A dance with Tuberculosis

A dance with Tuberculosis

CW: Medical stuff. Germs. Slightly strong language.

Let’s not beat around the bush. I had Tuberculosis (TB) in 2006.

People freak out when they hear about this. They firmly believe that TB is a disease that only affect poverty stricken communities. Its also considered as a “dirty affliction”… the stigma around this is so huge. And people don’t really talk about it openly. Its should be kept a secret and not even your relatives should be aware of your condition.

Oops! Guess I didn’t get that memo!

Here’s some Wiki facts

  • Tuberculosis (TB) is an infectious disease usually caused by Mycobacterium tuberculosis (MTB) bacteria.
  • Tuberculosis generally affects the lungs, but can also affect other parts of the body.
  • Tuberculosis is spread through the air when people who have active TB in their lungs cough, spit, speak, or sneeze.
  • The classic symptoms of active TB are a chronic cough with blood-containing mucus, fever, night sweats, and weight loss.
  • It was historically called “consumption” due to the weight loss
  • Treatment requires the use of multiple antibiotics over a long period of time.

Here’s the link if you want to read more about it

So what happened?

I was working in the hospital and one of the patients had TB. I took the regular precautions any student would. But of course, totally didn’t think I needed a mask. STUPID! especially since it is an airborne disease.

The first symptom that I noticed was the night sweats. I was drenched within a few hours to the point where I had to change my bedding. Miserable experience. Next came the incessant coughing. I couldn’t walk very far without starting a coughing fit. Coughing is exhausting! The muscles between my ribs started hurting.

Note, I was encouraged to hug a pillow while coughing to stabilise my 
rib-cage. This supposedly helps with the pain.

Next symptom, and this is when I knew I was in trouble, was difficulty breathing. Something was very wrong. So I headed to the emergency unit of a nearby hospital to get checked out. I got some chest x-rays and I remember the Dr actually brought the x-ray over to my bed and let me have a look at it. Being a medical student, he asked me for my professional opinion. I burst out laughing! Well, it was a shock but definitely had granulotamous lesions indicative of TB with a pleural effusion.

I was immediately admitted to hospital for treatment and surgery. Yea, I needed to get my chest drained. In other words they installed an underwater chest drainage system. From inside to outside, connected with pipes to a bottle.It drains the muck from your chest and helps your lung expand again. I wont detail how that got installed but I will say that being attached to an external appendage is disconcerting. Having to take your bottle with you to the bathroom is kinda ick! But you cannot leave it behind.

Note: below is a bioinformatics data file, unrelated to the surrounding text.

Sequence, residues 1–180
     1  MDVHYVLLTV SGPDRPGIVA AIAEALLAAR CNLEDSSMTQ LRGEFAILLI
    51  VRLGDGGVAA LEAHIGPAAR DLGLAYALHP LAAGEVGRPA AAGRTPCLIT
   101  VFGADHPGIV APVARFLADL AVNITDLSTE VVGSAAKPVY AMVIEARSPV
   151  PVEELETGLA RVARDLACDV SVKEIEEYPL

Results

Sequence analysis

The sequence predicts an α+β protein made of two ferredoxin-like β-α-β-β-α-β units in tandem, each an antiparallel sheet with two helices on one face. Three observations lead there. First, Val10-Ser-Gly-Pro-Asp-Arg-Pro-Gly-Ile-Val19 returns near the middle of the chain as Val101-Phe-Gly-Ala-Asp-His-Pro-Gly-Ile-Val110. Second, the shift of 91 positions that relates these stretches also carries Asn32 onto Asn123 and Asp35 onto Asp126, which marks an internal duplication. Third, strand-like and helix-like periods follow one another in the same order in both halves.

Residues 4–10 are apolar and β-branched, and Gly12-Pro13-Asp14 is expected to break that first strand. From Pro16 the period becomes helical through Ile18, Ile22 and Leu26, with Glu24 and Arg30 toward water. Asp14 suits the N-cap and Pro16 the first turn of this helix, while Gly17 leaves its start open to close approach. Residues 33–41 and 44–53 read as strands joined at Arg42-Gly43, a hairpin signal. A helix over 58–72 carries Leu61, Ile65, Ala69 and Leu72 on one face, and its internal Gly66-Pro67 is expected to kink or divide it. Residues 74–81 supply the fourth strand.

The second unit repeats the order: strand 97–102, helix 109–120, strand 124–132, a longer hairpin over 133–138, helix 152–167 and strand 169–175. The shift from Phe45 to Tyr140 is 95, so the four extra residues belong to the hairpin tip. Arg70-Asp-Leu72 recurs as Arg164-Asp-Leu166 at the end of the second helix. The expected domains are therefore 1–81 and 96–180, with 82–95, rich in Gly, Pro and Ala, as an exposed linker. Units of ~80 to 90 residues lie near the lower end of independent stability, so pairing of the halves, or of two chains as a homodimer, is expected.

Image credit to www.derangedphysiology.com

Treatment

I was lucky that I had the standard variety of the disease. Minimum treatment of 6 months. After my first dose I was discharged from the hospital BUT I was allergic to the pills and I didn’t tell the doctor this. So 2 hours later I was back and connected to a drip because I was covered in hives. Needless to say my Mom was furious about all the drama caused by my silence. Love you Mom!

6 months is a long time to remember to take tablets morning and evening. Also a long time to sporadically break out in hives (No they did not change my treatment regimen, I just had to live with the reaction). But you have to complete the treatment unless you want to relapse and potentially develop a more resistant strain of TB. NO THANK YOU!

What did I learn?

  • Don’t be stupid! Take the necessary precautions as detailed by your lecturer, instructor, textbook… Those rules and regulations are there for a reason!
  • You can never wash your hands enough.
  • Be frank when having to deal with medical professionals. Hiding stuff is only going to make the process more difficult than it should be.
  • A mother’s love knows no bounds.

Obligatory GIF to close out this post:

medical mask GIF by Bounce
FFS, don’t take that off GIF by Bounce

4 Replies to “A dance with Tuberculosis”

  1. This is an awesome post, and a great effort from your part. It’s a reminder than medical professionals are human too and are in fact at a higher risk of contracting communicable diseases from their patients. It’s actually quite common. Like you said, it’s important that you take medications as advised and always tell the truth to your doctor. Even a small piece of information can be of great help to the doctor.

    I’m glad that you’re doing well now, and I appreciate that you decided to share your story.

    1. I know its years later but I keep reflecting on all the lessons learned. This incident changed the course of my life and the scars serve as a reminder!

    1. Yes, I had BCG as a kid but Tb is prevalent in my country. And health care workwers at a higher risk of exposure. Long term ~ well my one lung is smaller than the other. So at times I have breathing difficulties. But exercise, especially swimming, has helped a great deal with increasing capacity and efficiency.

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